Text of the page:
Date of Award
Dr. Jerome Howard
Dr. Shalene Jha
Dr. Philip DeVries
Processes structuring bee communities in agricultural landscapes are well-documented compared to those in other anthropogenic landscapes, like production forests. Forests across the temperate zone have historically been under-sampled, in part due to the perception that they provide little habitat to support diverse bee communities. While research suggests that early successional habitats support high levels of bee species richness and abundance, little empirical evidence exists to support the notion that forests, in turn, do not. To understand the relationship between forest successional age and major elements of the bee community, I sampled bees in a southern production pine forest in Hancock County, MS across 2012 and 2013. I found that while bee abundance declines with successional age, species richness does not. Combining this work with other recent research, I propose a generalized framework for understanding the role of disturbance and forest structure in structuring bee communities of southern forests.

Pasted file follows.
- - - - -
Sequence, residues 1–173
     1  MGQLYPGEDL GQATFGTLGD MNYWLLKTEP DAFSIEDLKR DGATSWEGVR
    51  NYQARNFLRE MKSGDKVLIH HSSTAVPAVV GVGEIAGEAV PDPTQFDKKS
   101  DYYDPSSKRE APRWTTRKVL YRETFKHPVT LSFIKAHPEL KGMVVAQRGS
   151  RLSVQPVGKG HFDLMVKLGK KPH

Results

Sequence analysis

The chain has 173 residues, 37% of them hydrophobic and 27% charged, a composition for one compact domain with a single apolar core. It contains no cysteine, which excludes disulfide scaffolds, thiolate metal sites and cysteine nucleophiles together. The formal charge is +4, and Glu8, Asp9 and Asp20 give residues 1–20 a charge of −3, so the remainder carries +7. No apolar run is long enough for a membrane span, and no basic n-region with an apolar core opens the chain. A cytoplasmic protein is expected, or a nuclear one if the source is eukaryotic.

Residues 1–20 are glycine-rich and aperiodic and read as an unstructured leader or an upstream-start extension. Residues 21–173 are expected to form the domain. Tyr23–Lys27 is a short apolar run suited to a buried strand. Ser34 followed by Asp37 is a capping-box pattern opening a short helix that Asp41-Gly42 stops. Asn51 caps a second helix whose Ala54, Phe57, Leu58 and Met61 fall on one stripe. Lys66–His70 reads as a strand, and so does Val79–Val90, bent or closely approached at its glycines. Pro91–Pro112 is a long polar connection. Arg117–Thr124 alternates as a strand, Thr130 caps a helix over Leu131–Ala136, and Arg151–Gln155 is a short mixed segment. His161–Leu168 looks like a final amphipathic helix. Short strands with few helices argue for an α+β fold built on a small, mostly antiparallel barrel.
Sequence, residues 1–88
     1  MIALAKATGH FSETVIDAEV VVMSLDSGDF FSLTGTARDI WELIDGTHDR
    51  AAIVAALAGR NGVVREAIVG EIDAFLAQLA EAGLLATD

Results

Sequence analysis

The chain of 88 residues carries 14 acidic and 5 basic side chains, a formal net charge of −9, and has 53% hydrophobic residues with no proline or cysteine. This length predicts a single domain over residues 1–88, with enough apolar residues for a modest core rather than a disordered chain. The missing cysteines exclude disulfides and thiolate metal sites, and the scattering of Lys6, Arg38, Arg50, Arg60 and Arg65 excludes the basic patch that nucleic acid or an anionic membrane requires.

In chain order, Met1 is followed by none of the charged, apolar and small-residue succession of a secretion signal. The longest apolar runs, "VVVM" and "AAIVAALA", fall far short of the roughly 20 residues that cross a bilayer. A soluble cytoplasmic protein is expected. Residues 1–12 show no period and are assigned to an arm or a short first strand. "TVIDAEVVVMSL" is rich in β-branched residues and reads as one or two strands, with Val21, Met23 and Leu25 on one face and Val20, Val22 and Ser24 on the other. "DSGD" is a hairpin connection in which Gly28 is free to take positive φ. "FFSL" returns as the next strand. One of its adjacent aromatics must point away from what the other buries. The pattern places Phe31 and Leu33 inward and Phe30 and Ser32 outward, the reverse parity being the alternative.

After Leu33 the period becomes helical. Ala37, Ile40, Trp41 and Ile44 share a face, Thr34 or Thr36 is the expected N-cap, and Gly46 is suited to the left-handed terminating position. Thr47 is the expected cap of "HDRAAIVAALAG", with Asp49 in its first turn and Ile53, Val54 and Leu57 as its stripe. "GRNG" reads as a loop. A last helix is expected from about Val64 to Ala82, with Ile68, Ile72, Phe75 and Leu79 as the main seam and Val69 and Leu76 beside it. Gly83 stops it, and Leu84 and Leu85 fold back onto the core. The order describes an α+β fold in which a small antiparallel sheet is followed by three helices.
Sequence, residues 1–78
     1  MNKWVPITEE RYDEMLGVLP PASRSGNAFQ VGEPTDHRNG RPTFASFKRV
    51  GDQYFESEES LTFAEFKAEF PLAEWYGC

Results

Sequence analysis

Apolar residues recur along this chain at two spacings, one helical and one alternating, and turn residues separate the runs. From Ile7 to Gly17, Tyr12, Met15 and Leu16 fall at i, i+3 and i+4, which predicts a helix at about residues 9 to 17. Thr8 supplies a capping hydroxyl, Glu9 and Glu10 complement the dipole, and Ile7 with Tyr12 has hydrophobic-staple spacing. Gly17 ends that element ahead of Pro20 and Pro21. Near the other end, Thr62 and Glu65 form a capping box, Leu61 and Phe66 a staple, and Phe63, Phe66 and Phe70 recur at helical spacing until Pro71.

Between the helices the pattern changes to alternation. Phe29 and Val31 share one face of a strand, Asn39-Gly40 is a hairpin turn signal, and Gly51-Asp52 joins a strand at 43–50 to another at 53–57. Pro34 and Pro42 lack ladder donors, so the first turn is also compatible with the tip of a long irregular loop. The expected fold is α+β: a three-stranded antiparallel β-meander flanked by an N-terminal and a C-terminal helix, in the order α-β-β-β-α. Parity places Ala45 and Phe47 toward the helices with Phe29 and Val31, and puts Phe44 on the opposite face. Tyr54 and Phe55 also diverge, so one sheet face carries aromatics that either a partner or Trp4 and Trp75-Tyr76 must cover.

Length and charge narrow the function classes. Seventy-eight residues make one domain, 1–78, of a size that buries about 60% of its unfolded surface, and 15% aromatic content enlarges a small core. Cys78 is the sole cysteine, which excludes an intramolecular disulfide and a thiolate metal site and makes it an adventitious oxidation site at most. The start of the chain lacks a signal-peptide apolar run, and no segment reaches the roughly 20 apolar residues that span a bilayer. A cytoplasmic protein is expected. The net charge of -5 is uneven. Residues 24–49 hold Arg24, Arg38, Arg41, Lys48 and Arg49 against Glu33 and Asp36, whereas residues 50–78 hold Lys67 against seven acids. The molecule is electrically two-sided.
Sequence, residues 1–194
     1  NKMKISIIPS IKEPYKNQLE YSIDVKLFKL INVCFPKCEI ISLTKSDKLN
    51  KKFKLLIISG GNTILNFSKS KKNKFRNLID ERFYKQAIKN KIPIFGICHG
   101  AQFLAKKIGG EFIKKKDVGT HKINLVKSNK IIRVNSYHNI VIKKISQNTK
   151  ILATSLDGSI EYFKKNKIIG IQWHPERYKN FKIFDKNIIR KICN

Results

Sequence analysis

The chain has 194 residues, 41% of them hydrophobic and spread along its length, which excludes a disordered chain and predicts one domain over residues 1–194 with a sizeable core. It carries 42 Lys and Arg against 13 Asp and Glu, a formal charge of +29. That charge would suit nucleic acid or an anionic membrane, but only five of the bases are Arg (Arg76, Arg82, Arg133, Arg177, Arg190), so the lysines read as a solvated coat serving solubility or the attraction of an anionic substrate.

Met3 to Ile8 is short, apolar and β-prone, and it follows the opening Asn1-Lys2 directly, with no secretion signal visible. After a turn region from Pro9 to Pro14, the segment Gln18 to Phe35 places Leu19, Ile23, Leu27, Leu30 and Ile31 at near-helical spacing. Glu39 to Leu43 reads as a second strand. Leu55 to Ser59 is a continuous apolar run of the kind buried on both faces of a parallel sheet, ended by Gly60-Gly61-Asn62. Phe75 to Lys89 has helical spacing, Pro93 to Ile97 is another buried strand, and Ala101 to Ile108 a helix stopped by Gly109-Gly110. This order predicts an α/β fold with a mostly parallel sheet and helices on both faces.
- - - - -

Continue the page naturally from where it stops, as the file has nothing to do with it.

Sudan, Robinson, "The effects of forest age and management on bee communities of production forests in the southern United States" (2016). University of New Orleans Theses and Dissertations. 2184.